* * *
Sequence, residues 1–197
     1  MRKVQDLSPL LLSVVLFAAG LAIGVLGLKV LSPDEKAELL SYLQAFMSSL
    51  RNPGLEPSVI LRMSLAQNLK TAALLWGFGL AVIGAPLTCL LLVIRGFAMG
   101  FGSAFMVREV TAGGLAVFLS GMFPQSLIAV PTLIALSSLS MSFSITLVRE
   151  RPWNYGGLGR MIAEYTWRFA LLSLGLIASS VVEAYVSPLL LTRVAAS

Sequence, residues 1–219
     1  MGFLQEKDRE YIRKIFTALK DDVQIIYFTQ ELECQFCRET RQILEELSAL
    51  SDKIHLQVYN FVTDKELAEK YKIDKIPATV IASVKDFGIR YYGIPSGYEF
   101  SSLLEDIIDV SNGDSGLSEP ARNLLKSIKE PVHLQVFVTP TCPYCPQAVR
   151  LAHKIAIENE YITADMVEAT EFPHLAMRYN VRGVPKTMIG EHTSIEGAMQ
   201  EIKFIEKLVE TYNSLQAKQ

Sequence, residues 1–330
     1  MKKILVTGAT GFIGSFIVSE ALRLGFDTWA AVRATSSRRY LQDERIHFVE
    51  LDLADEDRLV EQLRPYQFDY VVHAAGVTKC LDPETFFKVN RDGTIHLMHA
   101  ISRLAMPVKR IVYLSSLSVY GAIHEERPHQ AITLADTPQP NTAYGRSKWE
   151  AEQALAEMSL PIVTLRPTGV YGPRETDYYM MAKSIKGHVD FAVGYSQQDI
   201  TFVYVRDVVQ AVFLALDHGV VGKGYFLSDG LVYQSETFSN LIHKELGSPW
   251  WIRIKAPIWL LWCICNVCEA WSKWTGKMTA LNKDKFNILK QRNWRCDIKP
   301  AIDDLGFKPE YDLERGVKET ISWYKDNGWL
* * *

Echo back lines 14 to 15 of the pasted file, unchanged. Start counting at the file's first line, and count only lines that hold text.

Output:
    51  LDLADEDRLV EQLRPYQFDY VVHAAGVTKC LDPETFFKVN RDGTIHLMHA
   101  ISRLAMPVKR IVYLSSLSVY GAIHEERPHQ AITLADTPQP NTAYGRSKWE